The Los Angeles Clippers played the 2018-19 season on two separate timelines—one fully focused on the future and the other centered around perhaps the campaign's least likely playoff run.
Now, they're all back on the same page for what will be a critical, maybe fortune-changing, offseason.
This is the main event.
In one corner is a humbling (if not humiliating) history of sometimes being the NBA's laughingstock and always playing second fiddle to those other Staples Center residents. But in the other lies an opportunity to change destinies with an owner and front office disconnected from those past struggles and desperate to show their fanbase a new existence.
Can L.A.'s other team finally become a coveted destination? Or will ample cap space and an endless supply of optimism yield nothing more than a harsh reality check?
For better or worse, this summer may define what it means to be the Clippers.
Setting the Stage
The Clippers long ago decided being good isn't good enough.
That's why they moved Blake Griffin less than a year after they lavished him with a five-year, $175 million contract extension and labeled him a "Clipper for life." It's why the West's No. 8 seed put its own playoff hopes in jeopardy by dealing then-leading scorer Tobias Harris for a package built around draft picks, a rookie and cap space at the 2019 trade deadline.
"We know we can be a player," executive board member Jerry West told NBA.com's Shaun Powell.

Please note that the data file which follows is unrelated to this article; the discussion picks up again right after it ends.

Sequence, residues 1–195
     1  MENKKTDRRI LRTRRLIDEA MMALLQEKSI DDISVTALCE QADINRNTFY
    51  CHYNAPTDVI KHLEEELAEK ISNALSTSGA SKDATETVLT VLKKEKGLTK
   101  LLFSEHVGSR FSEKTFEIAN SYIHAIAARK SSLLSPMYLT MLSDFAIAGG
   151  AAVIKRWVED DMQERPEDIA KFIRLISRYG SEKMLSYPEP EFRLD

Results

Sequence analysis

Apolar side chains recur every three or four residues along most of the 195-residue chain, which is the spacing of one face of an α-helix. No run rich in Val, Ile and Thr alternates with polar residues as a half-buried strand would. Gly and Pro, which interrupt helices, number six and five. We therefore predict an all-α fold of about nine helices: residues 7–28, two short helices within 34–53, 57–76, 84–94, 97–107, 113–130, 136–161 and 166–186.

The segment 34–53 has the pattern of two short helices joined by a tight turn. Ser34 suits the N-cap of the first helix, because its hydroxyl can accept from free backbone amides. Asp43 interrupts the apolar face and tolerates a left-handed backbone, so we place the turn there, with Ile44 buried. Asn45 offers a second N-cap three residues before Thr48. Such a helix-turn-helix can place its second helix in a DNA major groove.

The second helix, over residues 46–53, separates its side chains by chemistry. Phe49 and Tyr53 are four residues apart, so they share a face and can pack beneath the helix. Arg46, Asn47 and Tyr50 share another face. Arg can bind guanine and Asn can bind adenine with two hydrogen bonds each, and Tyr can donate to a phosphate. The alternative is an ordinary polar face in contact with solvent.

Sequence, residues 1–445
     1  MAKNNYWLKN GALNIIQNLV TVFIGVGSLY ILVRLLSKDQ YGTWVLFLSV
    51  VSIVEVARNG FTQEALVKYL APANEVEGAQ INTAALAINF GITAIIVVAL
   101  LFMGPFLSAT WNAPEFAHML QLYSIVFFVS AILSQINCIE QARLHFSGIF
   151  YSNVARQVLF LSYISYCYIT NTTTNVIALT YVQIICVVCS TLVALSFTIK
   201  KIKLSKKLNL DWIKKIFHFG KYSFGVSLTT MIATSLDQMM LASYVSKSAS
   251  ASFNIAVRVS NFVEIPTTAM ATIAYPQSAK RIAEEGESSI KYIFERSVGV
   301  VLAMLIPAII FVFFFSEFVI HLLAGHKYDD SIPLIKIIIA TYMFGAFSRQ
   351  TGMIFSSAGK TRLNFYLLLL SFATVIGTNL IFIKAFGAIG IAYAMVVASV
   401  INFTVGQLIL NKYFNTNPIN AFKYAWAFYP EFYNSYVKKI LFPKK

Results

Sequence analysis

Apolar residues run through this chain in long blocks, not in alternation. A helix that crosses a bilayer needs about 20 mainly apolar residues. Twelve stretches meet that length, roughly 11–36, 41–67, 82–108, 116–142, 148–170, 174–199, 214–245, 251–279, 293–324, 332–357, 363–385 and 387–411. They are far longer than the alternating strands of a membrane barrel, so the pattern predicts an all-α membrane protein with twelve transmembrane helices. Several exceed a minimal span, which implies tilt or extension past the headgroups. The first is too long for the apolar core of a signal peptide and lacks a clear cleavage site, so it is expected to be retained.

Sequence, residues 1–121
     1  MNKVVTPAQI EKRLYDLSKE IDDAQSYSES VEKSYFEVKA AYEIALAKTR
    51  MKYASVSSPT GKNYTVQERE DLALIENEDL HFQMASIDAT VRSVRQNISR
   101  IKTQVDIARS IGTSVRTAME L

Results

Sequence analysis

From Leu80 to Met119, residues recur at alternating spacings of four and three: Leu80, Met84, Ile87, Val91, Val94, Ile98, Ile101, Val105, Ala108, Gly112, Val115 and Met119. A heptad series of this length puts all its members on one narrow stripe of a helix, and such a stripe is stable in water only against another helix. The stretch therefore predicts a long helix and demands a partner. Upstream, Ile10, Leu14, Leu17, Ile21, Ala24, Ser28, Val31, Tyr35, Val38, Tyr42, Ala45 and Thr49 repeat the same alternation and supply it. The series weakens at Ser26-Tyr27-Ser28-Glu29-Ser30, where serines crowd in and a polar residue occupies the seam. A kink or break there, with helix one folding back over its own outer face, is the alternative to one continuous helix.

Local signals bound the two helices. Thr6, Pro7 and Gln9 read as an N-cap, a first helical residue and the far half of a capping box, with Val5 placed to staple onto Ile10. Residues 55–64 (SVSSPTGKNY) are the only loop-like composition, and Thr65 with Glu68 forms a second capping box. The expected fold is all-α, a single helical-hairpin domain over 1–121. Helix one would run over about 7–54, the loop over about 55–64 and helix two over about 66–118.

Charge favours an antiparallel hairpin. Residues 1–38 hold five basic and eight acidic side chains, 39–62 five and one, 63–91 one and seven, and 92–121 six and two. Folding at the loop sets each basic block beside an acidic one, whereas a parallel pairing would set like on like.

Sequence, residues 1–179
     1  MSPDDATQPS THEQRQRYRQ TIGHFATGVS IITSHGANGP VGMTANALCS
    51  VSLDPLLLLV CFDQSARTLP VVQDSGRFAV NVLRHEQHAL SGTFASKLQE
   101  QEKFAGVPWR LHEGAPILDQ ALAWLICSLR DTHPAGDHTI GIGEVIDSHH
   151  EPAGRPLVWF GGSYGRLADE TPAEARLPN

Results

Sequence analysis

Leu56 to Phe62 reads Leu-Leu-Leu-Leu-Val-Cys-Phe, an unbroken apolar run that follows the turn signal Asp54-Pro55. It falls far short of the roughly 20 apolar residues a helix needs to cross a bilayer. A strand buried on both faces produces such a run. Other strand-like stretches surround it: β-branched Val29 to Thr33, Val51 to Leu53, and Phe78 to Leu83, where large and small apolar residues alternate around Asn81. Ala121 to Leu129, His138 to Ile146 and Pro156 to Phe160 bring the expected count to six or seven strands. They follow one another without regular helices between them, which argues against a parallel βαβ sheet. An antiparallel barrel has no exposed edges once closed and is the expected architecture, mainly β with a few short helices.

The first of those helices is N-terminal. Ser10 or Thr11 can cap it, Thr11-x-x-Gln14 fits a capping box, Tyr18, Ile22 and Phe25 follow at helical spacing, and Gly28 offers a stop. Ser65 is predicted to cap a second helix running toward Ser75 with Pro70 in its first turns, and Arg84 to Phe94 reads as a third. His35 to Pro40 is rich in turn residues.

As Bleacher Report's Eric Pincus relayed, the Clippers could have nearly $47 million in cap space with Danilo Gallinari, Lou Williams, Montrezl Harrell, Shai Gilgeous-Alexander, Landry Shamet and Jerome Robinson all under contract, plus the rights to Patrick Beverley, Ivica Zubac and Rodney McGruder. If they need extra room, Gallinari should be easy to relocate as a near-20-point scorer with an expiring $22.6 million salary.
Should the trade market prove a more attractive option—the Clips are said to be one of Anthony Davis' preferred destinations—they have all their future firsts (their 2019 first belongs to the Boston Celtics), plus a lottery-protected 2020 first-rounder from the Philadelphia 76ers and an unprotected 2021 first-rounder from the Miami Heat.
Gilgeous-Alexander, Shamet, Zubac and Robinson are all 22-and-unders who could anchor or sweeten an offer.
Priority No. 1: Adding Two Elites
Does this sound greedy? It should.
That's the only way for the Clippers to approach this summer. If they aren't aiming sky-high, then one of Griffin or Harris should've been around to lead this playoff charge.
As frightening as Griffin's injury history might be, he's an all-caps BALLER when healthy. In his first full season with the Detroit Pistons, he snapped their two-year playoff drought and became just the seventh player in the 2010s to average 24 points, seven boards and five dimes.
Harris is a 26-year-old whose career is defined by perpetual growth. He's averaged more points than the previous season in all but one of his NBA campaigns, and he pumped in personal bests of 20.0 points, 7.9 rebounds and 2.8 assists this season while flirting with a 50/40/90 slash and navigating through a midseason swap.
Those were major subtractions. L.A.'s additions must be even more significant.